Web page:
One final note: Keep an eye out for former Hitchcock muse (and Melanie Griffith’s mother) Tippi Hedren, playing another one of Carter’s potential victims.  Her cameo here is better than her cameo in In The Cold of the Night.

 

Horror Film Review: Ghost Story (dir by John Irvin)


ghoststory

A Fred Astaire horror movie!?

Yes, indeed.  Ghost Story is a horror movie and it does indeed star Fred Astaire.  However, Fred doesn’t dance or anything like that in Ghost Story.  This movie was made in 1981 and Fred was 82 years old when he appeared in it.  Fred still gave an energetic and likable performance and, in fact, his performance is one of the few things that really does work in Ghost Story.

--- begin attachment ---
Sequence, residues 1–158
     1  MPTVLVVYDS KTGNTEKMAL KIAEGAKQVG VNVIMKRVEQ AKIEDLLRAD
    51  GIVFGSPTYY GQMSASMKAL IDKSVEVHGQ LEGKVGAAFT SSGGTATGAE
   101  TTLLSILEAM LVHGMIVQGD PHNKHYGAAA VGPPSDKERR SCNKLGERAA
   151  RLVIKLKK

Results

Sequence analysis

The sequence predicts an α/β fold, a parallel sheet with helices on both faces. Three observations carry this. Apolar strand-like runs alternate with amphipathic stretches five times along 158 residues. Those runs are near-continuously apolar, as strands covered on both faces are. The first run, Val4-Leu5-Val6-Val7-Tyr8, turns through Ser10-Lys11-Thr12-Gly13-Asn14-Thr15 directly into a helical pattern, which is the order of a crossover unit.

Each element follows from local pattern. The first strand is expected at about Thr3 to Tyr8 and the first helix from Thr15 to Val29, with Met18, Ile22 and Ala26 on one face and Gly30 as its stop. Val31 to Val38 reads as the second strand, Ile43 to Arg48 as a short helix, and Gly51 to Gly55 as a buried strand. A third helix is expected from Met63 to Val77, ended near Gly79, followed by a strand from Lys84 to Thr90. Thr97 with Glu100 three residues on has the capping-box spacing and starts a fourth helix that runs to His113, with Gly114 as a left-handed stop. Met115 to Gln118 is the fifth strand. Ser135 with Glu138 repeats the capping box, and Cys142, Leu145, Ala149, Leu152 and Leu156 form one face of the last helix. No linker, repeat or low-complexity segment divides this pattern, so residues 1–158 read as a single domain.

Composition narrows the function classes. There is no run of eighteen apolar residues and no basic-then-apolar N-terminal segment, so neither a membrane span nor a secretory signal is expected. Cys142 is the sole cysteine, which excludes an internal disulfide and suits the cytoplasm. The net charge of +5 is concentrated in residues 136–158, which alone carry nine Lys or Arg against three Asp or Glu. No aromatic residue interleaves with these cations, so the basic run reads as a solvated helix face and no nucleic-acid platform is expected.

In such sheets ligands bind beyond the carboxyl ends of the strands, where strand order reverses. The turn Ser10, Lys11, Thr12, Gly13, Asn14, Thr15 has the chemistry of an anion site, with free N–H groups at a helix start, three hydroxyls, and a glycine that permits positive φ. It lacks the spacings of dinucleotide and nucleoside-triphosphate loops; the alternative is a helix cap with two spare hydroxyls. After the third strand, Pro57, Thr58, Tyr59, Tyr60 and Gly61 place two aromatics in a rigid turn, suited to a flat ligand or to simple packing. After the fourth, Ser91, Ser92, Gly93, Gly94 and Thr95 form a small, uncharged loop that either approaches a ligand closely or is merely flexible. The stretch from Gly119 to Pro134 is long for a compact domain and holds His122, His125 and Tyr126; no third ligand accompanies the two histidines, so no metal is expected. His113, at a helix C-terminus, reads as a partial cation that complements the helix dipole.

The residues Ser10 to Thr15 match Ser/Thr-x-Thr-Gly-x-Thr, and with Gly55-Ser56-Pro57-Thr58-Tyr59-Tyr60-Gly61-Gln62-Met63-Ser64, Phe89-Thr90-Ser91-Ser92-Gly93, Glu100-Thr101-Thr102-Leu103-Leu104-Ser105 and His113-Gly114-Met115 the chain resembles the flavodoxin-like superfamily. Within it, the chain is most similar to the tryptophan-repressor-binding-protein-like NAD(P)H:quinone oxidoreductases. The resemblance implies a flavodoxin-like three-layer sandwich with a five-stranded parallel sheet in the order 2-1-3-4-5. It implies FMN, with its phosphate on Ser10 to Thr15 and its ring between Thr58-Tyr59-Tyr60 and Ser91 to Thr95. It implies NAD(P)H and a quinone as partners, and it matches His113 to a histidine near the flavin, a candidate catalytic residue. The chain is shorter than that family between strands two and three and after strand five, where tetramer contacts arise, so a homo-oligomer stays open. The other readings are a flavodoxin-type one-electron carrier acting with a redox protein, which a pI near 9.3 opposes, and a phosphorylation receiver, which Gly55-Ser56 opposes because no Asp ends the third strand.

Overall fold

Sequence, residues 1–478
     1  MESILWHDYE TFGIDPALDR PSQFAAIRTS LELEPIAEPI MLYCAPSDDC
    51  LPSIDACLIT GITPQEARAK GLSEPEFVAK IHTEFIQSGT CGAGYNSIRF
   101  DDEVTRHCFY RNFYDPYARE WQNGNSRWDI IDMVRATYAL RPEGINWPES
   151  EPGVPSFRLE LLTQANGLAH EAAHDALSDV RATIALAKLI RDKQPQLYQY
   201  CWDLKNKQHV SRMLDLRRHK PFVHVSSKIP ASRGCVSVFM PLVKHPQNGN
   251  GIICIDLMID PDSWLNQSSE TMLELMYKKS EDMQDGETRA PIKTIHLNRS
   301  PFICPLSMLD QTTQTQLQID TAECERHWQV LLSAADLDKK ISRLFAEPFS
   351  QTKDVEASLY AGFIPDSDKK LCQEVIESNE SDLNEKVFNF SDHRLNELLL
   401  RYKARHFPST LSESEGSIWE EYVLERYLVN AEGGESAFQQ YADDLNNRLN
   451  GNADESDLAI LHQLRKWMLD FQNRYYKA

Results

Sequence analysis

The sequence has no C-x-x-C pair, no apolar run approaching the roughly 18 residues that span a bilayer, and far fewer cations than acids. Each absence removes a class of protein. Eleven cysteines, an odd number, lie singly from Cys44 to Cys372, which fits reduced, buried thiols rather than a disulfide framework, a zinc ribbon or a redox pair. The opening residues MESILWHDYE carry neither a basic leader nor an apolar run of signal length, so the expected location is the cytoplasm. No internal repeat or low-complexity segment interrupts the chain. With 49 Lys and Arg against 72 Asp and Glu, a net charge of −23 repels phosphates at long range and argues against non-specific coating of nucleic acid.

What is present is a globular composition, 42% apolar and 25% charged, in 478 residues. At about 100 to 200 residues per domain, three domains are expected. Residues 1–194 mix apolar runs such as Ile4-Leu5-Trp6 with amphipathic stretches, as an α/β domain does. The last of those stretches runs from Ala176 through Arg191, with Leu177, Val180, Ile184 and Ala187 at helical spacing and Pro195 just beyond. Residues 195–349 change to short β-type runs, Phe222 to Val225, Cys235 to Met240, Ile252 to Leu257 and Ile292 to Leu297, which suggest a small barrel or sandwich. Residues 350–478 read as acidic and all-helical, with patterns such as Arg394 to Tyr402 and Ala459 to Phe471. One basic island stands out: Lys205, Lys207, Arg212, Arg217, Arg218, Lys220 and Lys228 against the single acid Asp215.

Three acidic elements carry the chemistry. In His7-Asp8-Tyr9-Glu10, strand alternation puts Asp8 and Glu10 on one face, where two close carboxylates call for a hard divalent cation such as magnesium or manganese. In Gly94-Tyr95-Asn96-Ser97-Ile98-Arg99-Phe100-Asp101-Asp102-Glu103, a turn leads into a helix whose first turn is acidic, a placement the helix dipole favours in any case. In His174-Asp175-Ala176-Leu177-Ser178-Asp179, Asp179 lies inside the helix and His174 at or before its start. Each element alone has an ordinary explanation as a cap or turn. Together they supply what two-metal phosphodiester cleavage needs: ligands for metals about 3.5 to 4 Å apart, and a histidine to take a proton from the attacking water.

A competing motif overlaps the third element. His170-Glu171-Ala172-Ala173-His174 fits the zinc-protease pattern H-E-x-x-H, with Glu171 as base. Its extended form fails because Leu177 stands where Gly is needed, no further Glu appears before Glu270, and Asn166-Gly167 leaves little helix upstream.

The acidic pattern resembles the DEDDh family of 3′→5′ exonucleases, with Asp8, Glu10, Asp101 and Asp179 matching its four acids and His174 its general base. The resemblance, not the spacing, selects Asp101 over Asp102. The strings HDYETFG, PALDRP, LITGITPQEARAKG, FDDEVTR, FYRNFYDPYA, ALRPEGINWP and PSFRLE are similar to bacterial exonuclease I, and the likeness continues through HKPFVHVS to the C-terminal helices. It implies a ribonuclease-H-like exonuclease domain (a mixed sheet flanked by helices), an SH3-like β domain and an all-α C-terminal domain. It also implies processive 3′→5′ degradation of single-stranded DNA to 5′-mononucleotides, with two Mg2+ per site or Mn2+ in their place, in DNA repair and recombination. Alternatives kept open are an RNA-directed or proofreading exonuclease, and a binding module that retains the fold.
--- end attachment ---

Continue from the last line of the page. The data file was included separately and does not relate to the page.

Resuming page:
Fred Astaire isn’t the only veteran of Hollywood’s Golden Age to appear in Ghost Story.  Melvyn Douglas, John Houseman, and Douglas Fairbanks, Jr. all appear in the movie as well.  They play four lifelong friends, wealthy men who have formed an informal little club called The Chowder Society.  They gather one a week and tell ghost stories.  Myself, I’m wondering why these four intelligent and accomplished men (one is a lawyer, another a doctor, another a politician, and another is Fred Astaire) couldn’t come up with a better name than Chowder Society.

(But I guess that’s something that people do up north.  Harvard has something called the Hasty Pudding Club, which just sounds amazingly annoying.)

Unfortunately, the members of the Chowder Society have a deep, dark secret.  Way back in the 1930s, the boys listening to too much jazz and they all ended up lusting after the mysterious and beautiful Eva Galli (Alice Krige).  As Astaire explains it, “We killed her, the Chowder Society.”